The Green Knight, in Sir Gawain and the Green Knight, called Sir Gawain to be resolute to his terms of the beheading challenge similar to the Church’s advocacy to the people’s faith. Sir Gawain’s hasty response to the Green Knight’s challenge, to preserve King Arthur’s image, portrays the weight of upholding the principles significant to his society. However, the Green Knight further tests the sincerity in his faith by having him return the stroke one year later, or “be counted a recreant knight” (Sir Gawain and the Green Knight li. 456). The “recreant knight” title claims that Sir Gawain would have failed to endorse chivalry and in turn, the people’s failure to observe Christianity. It points out that it is the imperfections of human nature that causes their unfaithfulness toward beliefs. Furthermore, a person’s response ...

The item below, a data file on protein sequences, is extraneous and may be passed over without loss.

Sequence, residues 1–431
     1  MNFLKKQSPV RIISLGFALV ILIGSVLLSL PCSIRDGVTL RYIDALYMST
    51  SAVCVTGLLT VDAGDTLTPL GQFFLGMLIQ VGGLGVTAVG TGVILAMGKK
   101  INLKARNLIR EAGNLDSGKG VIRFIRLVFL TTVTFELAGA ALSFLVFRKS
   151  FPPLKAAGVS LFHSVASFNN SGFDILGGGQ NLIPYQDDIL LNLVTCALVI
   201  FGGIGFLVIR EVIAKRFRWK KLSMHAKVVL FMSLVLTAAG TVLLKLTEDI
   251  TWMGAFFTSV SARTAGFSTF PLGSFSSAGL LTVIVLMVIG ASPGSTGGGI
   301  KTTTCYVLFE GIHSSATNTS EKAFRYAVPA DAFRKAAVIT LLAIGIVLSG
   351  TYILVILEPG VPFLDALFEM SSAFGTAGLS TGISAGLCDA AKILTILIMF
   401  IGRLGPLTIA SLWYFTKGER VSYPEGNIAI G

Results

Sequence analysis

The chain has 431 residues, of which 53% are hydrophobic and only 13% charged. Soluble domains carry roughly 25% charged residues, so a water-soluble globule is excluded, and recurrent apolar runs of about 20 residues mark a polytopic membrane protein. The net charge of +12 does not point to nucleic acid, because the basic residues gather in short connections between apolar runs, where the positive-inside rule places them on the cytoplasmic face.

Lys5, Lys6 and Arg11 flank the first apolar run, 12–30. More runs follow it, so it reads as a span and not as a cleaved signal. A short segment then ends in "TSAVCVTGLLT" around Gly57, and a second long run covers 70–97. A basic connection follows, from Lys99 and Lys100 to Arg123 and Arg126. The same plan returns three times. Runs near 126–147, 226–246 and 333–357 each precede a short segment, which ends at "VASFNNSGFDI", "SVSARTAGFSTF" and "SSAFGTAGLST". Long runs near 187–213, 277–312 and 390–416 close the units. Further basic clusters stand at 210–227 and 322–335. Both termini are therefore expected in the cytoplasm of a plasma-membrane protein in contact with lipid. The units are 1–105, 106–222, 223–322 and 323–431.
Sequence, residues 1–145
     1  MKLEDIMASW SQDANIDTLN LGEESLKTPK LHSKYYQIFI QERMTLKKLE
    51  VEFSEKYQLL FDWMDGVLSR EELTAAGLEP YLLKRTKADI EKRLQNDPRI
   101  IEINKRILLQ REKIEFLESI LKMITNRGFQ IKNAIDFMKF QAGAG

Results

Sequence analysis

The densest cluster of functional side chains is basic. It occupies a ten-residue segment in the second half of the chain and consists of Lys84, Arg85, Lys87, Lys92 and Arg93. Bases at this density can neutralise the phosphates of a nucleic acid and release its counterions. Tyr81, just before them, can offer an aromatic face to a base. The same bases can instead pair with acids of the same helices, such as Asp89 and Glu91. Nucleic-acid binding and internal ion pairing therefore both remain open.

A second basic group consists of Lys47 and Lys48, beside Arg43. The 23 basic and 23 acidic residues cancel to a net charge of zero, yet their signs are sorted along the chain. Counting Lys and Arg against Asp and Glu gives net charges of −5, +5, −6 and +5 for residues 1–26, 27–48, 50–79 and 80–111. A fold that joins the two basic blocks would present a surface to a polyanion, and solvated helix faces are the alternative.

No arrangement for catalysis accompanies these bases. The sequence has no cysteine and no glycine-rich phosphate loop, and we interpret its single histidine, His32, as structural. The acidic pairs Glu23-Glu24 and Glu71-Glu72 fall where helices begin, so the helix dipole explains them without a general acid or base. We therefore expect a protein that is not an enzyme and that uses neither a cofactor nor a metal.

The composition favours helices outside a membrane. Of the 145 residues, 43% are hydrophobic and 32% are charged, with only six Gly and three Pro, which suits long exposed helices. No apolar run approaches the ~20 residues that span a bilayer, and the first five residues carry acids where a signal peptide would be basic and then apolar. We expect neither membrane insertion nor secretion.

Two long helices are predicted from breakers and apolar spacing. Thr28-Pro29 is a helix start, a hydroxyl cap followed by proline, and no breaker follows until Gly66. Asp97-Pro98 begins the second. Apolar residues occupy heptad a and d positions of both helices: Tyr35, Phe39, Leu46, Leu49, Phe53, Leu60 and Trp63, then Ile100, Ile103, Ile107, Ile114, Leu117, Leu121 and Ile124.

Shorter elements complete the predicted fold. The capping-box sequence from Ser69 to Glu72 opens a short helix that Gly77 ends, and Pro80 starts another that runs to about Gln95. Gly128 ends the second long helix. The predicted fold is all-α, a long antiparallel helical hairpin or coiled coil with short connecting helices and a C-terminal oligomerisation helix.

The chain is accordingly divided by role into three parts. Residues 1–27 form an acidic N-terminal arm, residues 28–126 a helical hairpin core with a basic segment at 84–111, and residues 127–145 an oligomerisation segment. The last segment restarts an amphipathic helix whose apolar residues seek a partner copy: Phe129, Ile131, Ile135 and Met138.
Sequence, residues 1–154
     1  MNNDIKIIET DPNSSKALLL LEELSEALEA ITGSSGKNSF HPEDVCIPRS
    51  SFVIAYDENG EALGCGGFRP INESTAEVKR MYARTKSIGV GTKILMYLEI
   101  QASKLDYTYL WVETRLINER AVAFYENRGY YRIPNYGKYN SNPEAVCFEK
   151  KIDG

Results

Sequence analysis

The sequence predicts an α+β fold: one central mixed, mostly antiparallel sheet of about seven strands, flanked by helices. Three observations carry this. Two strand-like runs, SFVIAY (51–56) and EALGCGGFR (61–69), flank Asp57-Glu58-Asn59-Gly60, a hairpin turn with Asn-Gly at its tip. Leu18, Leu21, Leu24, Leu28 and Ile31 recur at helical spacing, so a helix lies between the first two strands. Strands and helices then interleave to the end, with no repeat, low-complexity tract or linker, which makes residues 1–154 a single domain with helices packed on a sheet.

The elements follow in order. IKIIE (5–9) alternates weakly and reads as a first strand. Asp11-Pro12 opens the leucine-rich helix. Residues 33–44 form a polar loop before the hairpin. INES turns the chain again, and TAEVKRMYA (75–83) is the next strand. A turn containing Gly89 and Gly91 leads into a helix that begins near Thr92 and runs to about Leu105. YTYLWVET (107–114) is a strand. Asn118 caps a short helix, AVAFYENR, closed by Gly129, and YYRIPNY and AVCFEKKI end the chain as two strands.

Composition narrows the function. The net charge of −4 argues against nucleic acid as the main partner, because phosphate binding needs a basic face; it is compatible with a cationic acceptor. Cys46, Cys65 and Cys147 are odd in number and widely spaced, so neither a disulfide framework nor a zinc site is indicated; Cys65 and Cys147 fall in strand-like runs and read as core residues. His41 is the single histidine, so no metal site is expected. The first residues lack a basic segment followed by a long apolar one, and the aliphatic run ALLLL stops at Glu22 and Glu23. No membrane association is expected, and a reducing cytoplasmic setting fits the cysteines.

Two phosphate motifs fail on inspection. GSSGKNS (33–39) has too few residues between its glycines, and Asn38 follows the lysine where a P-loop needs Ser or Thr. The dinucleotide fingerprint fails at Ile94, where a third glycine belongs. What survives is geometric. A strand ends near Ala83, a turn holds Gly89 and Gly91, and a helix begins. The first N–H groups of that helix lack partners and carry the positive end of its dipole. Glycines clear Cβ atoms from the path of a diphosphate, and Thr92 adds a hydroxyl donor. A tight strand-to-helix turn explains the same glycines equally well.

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...eople that offenses made against higher powers could be forgiven and encourages them to start their own journeys. Sir Gawain in "The Wife of Bath 's Tale" observed the redemption process for the individual.
Higher powers compelled Sir Gawain to address the significance in pursuing redemption through tests of his character. Sir Gawain 's position of power demonstrates that anyone can fall ill towards his or her faith. His fragility in upholding principles dear to chivalry is echoed with the people 's ability to endorse Christianity. In turn, Sir Gawain serves as an example to people as one who succeed in atoning for their offenses. His role in Sir Gawain and the Green Knight unified concerns over a person 's offenses to the divine with society as a whole. In Chaucer 's "The Wife of Bath 's Tale", he explored a more intimate dialogue between himself and individuals.
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